When we consider swimming pool safety, drowning is often the very first thought that enters our minds. It is necessary to take proper precautions to make your pool as safe as possible. The first action to take is to consider the physical devices that help prevent accidents.
One of the most common devices is a child safety net. This is actually a mesh type of fencing that has posts every four or five feet that slip down into holes that have been drilled into the pool deck. They all link together and have latches that hook into eyelets periodically along the tops of the posts to draw the sections taut. They are four feet or so above the pool deck so toddlers cannot reach the latches. Some fences come with a main gate that allows entry at only one main point, with the opening device also being at the top. These fences are excellent to prevent small children, as well as pets, from accidentally entering the pool.
Another type of protection is a pool cover, which overlaps the edges of the pool by a foot or so. It has spring loaded straps and hooks that connect to metal pop-up heads around the perimeter of the pool, attached into the pool deck. Hooking all these straps to the metal heads draws the cover tight across the top of the pool, preventing children and animals from entering the pool. You will want to check the pound rating of the cover, which tells you how many pounds of weight the cover can bear on top of it.
Other swimming pool safety items you will want to have around your pool are a pole with a hook, and a round buoy with a rope attached. These are safety accessories you commonly see at public swimming pools, which are required by the local health department.
The pole needs to be long enough to extend to a person in the pool from any point around the perimeter. The hook on the end is metal and shaped in a curved fashion to allow it to be slipped around a person’s body to pull them toward the edge of the pool.
The buoy is a round flotation device with a large hole in the middle, like a doughnut. The attached rope allows a person to throw the buoy to a person in the pool while maintaining a hold on the rope. The person having trouble swimming in the pool can hold onto the buoy and be pulled to safety.
Prevention is key in swimming pool safety, so have any children fitted with proper flotation devices before they get near the pool. The best ones are vests that strap to the child’s chest. The arm flotation ones are usually air filled and can develop a leak, which can slowly cause the child to sink. Make sure you are always watching them regardless of the device you use. The best prevention is to constantly be in the water with them.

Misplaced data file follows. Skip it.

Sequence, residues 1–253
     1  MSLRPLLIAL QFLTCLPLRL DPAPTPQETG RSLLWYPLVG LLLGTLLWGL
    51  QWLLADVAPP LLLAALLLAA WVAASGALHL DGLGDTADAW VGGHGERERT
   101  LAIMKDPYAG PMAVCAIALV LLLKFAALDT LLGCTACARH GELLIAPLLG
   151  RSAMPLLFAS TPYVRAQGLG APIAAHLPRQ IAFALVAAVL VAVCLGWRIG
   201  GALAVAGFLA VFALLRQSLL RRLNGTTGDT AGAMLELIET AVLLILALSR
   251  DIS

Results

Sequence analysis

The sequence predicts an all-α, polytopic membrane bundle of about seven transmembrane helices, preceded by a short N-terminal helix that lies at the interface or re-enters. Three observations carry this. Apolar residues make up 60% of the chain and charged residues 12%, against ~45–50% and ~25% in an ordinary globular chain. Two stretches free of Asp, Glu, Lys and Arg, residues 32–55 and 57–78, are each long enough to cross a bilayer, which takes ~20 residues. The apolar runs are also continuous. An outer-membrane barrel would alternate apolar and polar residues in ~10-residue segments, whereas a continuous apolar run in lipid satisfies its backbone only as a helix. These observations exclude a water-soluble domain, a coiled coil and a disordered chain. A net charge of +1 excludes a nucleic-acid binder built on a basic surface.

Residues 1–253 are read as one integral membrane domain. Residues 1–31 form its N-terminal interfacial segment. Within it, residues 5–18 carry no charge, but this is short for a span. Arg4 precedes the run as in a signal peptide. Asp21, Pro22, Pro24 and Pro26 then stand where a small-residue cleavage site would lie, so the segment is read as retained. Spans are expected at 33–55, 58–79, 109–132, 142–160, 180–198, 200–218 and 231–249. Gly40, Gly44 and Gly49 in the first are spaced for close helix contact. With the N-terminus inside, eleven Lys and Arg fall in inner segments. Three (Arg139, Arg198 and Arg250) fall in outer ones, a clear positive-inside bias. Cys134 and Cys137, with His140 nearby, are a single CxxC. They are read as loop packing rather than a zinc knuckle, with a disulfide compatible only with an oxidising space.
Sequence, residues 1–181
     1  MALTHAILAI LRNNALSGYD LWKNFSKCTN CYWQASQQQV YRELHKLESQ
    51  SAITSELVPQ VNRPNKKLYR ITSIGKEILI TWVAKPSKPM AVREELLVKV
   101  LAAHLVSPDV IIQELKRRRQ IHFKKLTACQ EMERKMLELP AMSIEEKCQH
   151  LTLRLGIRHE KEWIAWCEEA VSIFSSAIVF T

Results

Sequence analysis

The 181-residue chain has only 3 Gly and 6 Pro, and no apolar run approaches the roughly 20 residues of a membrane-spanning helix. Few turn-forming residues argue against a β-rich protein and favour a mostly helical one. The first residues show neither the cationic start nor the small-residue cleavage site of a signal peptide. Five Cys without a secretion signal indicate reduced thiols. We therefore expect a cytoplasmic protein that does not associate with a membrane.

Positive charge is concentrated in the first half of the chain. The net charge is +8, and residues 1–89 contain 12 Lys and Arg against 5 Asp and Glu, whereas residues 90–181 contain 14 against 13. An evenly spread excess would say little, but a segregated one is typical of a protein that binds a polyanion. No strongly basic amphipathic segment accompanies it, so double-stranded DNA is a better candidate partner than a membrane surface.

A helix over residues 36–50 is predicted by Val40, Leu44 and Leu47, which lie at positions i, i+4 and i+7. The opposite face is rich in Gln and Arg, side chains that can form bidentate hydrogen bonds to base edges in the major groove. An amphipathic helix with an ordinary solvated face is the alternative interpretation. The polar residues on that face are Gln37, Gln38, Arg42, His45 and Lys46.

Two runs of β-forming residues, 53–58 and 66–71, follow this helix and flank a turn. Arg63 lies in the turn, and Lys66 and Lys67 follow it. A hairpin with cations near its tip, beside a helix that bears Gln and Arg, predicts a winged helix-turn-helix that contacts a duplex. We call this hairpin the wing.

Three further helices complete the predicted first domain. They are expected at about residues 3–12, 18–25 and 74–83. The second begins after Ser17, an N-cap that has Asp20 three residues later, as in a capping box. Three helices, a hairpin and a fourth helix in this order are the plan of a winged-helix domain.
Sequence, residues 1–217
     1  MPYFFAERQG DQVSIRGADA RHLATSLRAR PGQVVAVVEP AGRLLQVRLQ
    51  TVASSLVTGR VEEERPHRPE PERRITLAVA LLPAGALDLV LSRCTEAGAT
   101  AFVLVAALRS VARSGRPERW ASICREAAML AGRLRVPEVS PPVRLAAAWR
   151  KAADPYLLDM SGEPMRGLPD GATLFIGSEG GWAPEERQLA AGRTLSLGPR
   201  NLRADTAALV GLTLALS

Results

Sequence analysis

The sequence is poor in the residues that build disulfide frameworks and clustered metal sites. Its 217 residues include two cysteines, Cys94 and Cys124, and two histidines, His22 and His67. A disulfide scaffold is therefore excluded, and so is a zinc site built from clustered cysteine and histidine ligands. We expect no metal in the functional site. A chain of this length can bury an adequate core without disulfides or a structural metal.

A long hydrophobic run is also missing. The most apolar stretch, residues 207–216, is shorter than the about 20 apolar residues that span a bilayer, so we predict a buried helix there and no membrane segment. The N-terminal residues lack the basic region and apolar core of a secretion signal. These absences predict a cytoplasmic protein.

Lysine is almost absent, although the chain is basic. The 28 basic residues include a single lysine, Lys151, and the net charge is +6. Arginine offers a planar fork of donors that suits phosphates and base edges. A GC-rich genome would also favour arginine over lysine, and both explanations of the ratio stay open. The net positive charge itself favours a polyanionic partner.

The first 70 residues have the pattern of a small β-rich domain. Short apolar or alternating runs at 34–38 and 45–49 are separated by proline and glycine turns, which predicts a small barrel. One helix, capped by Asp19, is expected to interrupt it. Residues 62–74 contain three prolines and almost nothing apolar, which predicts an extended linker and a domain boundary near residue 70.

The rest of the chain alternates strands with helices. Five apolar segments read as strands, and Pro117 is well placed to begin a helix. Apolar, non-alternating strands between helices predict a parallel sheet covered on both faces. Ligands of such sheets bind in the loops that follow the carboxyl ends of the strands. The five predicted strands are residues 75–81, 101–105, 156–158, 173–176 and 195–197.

Once you have the proper safety devices around your swimming pool, you can practice using them in case you ever have to “fish” someone out. There is great peace of mind knowing you are prepared to save someone from drowning.
The other consideration you should have as a pool owner is to take a water safety course taught by a locally qualified instructor. Most of us think of the Red Cross or a nearby YMCA. They offer courses for adults, and have swimming lessons for beginners.
Learning how to rescue someone from drowning is a great skill to have, and takes a minimal amount of time to learn. The techniques taught regarding mouth-to-mouth resuscitation are skills that can be used anywhere, not just around a swimming pool. You may be the person to save a loved one from drowning or choking. If the unfortunate event occurs, you may be the only one in the vicinity who can save them. By the time someone calls the ambulance and the rescue team arrives, precious minutes will have passed and the person in trouble may not live. Having been a member of a rescue squad and responding to many distress calls, I can tell you that in most cases the person was beyond help by the time we arrived. The time starts ticking away the minute a person stops breathing, and they only have a few minutes before it’s too late.
Proper preparation and personal responsibility are the key ingredients in swimming pool safety. Your fencing, cover, pole hook, buoy-and-rope, and proper training are essential elements to a lifetime of swimming enjoyment. Peace of mind cannot be purchased; it only comes from proper preparation.
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